Slain NYPD Officer Anthony Mosomillo and Betsy Ramos, right.
A convicted cop-killer was sprung on parole Tuesday — only to get locked up again for violating probation during the 1998 slaying of NYPD Officer Anthony Mosomillo.
Betsy Ramos, 55, was taken straight to Brooklyn federal court from the maximum-security women’s prison in Bedford Hills, where she spent the past 20 years for her role in Mosomillo’s death.
Ramos — who at the time was on federal supervised release for importing heroin — pleaded guilty to two counts of violating terms of her sentence in a bid to walk free on time served.
But Judge Nicholas Garaufis instead ordered Ramos jailed so that Mosomillo’s kin, who weren’t present Tuesday, can speak at her sentencing, which he set for Dec. 20.
“I don’t care if it was one year ago or 10 years ago or 20 years ago,” Garaufis said.
“When someone is murdered … I want to hear from the family if the family wants to speak to me.”
Ramos — who wore black pants and a light gray sweater, with her graying hair pulled into a bun — covered her eyes with one hand and wiped away tears upon learning she was headed back behind bars.
Mosomillo was fatally shot on May 26, 1998, when he and partner Miriam Torres went to Ramos’ East Flatbush apartment in search of her boyfriend, Jose Serrano, who was wanted for failing to appear in court.
Ramos falsely claimed Serrano wasn’t there, but the cops searched the place until he burst out from behind a trap door in a closet and attacked them.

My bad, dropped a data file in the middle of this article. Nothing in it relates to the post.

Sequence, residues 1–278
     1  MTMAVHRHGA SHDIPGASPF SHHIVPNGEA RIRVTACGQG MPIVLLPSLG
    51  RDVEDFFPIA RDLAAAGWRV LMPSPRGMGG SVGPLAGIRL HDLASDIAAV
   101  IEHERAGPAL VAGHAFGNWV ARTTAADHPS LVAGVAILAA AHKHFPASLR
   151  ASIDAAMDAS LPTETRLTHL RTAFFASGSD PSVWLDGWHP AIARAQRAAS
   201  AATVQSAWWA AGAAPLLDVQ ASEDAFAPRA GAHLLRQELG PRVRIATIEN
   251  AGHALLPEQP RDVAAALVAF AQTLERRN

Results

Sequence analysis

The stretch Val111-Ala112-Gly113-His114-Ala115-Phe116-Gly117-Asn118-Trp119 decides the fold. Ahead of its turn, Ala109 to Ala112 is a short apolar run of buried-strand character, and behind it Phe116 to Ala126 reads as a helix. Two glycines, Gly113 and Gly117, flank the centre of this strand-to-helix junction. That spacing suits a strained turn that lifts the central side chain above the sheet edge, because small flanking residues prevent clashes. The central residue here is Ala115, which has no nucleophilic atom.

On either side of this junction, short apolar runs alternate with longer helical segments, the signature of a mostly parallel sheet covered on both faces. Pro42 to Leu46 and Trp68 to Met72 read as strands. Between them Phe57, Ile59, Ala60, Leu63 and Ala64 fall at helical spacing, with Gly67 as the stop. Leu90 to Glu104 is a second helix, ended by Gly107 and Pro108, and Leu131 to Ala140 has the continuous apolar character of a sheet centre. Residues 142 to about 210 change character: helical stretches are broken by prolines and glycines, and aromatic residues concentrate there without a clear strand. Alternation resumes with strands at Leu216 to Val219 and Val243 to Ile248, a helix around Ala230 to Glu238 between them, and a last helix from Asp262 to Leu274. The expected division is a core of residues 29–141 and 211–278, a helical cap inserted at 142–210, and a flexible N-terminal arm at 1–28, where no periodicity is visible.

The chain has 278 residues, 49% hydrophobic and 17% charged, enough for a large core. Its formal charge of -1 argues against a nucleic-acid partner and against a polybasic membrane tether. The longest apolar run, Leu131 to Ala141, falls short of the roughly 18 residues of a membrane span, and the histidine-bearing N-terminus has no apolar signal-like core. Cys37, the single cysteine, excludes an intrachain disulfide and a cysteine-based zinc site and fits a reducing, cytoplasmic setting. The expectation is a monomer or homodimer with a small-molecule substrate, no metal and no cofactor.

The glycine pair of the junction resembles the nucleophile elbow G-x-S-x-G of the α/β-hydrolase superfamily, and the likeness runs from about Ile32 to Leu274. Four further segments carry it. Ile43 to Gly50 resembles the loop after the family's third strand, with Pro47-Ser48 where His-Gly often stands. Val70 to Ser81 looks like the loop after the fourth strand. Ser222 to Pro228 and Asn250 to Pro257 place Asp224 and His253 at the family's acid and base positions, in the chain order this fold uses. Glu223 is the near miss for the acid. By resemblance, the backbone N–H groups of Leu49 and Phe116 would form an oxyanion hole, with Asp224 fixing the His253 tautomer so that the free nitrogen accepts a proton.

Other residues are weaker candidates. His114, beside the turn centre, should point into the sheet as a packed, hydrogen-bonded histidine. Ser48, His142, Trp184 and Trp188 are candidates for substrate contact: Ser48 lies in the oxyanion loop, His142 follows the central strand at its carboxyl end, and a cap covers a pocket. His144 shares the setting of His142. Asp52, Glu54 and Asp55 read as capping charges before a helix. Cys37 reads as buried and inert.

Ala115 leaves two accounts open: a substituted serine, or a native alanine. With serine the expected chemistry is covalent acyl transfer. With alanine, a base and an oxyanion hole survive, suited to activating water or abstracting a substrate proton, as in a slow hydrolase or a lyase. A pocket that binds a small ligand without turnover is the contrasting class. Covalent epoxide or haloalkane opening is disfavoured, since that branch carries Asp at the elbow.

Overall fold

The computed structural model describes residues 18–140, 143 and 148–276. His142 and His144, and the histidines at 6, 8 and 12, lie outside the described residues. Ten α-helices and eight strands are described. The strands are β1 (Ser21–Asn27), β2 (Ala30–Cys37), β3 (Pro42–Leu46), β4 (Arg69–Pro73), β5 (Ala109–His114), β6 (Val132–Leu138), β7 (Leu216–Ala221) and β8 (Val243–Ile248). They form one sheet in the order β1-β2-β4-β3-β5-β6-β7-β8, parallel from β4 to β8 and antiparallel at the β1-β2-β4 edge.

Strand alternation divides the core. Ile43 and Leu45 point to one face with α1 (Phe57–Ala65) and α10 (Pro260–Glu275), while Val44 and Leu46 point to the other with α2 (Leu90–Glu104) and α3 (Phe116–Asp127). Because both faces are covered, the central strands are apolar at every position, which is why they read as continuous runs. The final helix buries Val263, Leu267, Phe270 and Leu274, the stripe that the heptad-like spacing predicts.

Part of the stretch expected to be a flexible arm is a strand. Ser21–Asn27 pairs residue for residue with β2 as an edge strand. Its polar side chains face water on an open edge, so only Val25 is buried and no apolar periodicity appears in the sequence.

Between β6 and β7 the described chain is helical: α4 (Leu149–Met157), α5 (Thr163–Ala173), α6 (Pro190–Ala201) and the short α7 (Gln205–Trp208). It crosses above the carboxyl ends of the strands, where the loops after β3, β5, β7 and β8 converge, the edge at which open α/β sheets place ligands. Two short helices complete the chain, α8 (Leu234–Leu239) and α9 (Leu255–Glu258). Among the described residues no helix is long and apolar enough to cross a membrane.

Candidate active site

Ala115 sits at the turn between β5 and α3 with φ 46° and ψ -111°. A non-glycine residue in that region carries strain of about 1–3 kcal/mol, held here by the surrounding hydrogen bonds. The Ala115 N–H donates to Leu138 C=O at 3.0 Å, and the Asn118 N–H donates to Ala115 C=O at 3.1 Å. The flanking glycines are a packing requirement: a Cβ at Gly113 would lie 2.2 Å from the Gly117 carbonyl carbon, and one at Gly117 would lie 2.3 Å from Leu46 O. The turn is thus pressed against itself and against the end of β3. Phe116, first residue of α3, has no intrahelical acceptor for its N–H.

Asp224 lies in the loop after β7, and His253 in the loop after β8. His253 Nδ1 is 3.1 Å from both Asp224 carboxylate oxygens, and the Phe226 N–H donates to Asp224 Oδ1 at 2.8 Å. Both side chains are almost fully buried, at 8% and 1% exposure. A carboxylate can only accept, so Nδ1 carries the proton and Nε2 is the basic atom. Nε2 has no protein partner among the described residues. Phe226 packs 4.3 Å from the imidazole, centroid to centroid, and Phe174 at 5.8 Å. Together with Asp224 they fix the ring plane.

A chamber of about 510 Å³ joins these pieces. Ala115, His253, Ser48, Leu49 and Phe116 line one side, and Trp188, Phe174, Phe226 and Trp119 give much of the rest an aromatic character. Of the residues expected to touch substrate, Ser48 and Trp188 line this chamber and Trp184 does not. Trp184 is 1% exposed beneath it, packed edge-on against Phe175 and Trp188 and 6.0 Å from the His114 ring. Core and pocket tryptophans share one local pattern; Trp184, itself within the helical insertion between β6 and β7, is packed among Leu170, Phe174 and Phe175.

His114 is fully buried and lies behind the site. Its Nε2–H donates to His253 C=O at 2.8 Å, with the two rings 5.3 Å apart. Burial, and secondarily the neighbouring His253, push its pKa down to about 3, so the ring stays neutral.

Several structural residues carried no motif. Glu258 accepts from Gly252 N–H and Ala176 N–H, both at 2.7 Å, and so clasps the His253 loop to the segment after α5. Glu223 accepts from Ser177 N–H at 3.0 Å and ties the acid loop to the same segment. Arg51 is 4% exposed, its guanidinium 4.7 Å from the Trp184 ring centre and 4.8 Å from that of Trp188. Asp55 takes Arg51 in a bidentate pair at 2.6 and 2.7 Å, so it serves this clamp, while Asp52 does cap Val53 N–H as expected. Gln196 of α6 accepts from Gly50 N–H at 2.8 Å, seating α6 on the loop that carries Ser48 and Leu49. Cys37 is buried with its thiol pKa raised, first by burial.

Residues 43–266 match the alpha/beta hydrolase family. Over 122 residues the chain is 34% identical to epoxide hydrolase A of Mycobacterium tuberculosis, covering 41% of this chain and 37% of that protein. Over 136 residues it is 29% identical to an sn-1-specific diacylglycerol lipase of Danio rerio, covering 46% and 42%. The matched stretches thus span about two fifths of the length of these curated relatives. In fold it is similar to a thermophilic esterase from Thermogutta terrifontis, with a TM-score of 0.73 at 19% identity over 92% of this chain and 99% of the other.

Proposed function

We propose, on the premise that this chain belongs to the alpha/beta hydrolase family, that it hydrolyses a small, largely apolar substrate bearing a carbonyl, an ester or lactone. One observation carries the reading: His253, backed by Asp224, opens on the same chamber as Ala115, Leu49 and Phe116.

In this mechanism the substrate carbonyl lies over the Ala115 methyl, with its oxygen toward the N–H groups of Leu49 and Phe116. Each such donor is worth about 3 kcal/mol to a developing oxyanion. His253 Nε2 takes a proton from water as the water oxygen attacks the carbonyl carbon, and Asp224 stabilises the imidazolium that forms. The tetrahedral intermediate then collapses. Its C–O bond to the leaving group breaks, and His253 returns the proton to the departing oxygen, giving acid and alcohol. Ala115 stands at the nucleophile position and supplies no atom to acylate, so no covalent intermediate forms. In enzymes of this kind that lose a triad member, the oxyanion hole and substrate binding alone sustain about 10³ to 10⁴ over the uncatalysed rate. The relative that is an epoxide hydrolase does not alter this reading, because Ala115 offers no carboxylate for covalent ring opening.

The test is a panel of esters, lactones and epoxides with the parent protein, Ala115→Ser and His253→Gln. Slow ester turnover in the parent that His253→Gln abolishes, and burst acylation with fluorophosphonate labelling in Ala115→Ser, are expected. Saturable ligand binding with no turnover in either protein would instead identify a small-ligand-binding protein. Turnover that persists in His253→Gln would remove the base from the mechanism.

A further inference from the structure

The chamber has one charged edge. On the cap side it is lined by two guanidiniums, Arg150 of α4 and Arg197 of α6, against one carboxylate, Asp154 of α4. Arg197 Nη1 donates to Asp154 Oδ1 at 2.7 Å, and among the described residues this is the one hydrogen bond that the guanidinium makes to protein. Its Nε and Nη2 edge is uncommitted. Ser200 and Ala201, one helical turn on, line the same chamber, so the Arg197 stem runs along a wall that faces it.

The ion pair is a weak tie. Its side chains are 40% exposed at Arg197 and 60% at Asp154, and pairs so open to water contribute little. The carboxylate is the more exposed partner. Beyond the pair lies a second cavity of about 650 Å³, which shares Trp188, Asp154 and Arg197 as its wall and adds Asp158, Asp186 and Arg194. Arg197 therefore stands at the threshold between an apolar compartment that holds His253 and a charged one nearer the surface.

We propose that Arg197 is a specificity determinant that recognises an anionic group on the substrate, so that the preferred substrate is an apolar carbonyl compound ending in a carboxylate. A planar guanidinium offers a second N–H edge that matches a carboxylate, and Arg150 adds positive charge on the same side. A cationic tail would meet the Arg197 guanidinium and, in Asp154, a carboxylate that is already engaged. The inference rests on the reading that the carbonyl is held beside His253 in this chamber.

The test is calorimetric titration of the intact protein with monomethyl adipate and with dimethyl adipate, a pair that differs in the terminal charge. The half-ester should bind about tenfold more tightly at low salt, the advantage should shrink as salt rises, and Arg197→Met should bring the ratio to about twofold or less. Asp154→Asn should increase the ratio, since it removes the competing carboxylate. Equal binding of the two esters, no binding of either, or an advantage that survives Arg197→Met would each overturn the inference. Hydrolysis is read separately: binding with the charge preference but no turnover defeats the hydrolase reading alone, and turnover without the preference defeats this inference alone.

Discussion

During the struggle, cops claimed Ramos knocked Torres’s gun from her hand, allowing Serrano to grab it and shoot Mosomillo four times.
Mosomillo managed to return fire and kill Serrano before dying of his own injuries.
Ramos was charged with second-degree murder but a Brooklyn jury convicted her on a lesser charge of manslaughter, for which she was sentenced to 15 years to life.
She was denied parole four times before finally convincing officials she was reformed.
In court papers, Ramos claims that she was abused by Serrano and is now suffering from a host of ailments, including drug-resistant HIV, that give her an estimated two years left to live.
Before pleading guilty on Tuesday, she read a prepared statement in which she admitted that “I hid my abuser from the police when they came to serve a warrant.”
“My actions that day set in motion a situation where a police officer died,” she said in a shaky voice.
“But I did not kill the police officer.”
Mosomillo’s family — which includes a daughter, Francesca, who’s set to graduate from the NYPD Police Academy on Dec. 27 — declined to comment.
But the head of the Police Benevolent Association, Patrick Lynch, said cops were “grateful to Judge Garaufis for letting the family of our hero police officer be heard.”
“Because of the New York State Parole Board’s outrageous deception, the Mosomillo family has been forced to live in fear of seeing Anthony’s killer walk out of prison doors,” Lynch said in a prepared statement.
“Their sacrifice matters. Their suffering matters. Their voices need to be heard.”
Additional reporting by Larry Celona